Buyers beware: Issuance not surging anytime soon


Munis have been grooving along but next week will bring tiny issuance of less than $3 billion, along with a Federal Open Market Committee meeting.

IHS Markit Ipreo forecasts weekly bond volume plummeting to $2.4 billion from a revised total of $4.8 billion in the past week, according to updated data from Refinitiv. The calendar is composed of $1.7 billion of negotiated deals and $624 million of competitive sales.

The Fed is not expected to raise rates, but the FOMC meeting is one reason for the microscopic issuance.

According to Dan Heckman, Senior Fixed-Income Strategist at U.S. Bank Wealth Management, he is not surprised with the low figure but surprised about the consistency of it.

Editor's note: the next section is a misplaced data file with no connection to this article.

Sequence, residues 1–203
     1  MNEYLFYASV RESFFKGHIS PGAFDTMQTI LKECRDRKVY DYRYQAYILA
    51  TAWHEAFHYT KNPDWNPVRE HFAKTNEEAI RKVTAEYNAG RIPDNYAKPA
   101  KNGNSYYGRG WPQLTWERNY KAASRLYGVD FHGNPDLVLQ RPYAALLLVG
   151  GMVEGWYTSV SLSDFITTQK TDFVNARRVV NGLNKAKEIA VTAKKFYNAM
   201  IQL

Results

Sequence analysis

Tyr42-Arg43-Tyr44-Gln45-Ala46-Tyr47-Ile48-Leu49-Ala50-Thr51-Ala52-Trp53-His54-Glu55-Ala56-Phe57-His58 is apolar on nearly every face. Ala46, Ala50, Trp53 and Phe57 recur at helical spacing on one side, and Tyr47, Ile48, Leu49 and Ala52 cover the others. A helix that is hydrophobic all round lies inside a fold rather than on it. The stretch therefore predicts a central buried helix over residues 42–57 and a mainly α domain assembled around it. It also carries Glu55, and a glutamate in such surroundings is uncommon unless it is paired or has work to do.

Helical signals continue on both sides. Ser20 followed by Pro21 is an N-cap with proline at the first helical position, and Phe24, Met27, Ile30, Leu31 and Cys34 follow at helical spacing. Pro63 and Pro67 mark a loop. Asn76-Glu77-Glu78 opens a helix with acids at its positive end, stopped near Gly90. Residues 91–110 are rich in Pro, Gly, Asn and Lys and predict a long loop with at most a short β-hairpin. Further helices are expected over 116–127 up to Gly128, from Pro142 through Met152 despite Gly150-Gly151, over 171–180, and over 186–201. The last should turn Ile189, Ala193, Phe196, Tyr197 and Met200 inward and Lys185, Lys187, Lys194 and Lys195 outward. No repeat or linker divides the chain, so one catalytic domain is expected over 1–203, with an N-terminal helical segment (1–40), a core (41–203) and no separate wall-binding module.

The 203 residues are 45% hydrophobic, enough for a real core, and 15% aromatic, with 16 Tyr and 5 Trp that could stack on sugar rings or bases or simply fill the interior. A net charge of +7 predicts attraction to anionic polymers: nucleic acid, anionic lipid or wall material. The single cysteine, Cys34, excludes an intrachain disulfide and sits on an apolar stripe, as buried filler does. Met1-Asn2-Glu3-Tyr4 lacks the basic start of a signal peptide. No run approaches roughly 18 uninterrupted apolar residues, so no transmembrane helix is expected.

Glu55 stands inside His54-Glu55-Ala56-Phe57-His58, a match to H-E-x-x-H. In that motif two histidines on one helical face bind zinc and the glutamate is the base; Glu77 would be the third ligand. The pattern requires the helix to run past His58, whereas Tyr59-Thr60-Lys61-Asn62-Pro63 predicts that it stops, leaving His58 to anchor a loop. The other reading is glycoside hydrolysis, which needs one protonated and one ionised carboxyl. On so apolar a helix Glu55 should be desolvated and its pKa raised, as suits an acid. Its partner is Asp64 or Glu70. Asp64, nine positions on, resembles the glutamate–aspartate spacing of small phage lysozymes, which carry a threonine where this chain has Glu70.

“From a buyers perspective, it is concerning about why there is not more issuance,” he said. “With how low rates are, plus the fact that muni/Treasury ratios are tighter than they have been in years — along with the fact how sound the market is technically and strong demand — you would think there would be more issuance.”

Heckman said it is a difficult market for buyers right now, with the front-end being flat and not providing good value and the long-end very attractive.

“The supply is not sufficient enough to feed the need of market, and that won’t change until at least second half or maybe even 2020 as we get into another election cycle.”

Issuance has been a roller coaster ride and investors have yet to see a string of good issuance weeks.

“I think there is still hangover of reluctance to issue a lot of debt, if you are a state or local government, and It is also evident that not a lot of help is coming federally,” he said.

Nonetheless, the market is incredibly strong and Heckman doesn’t see issuance pushing yields higher like you would normally think, like this past week for example.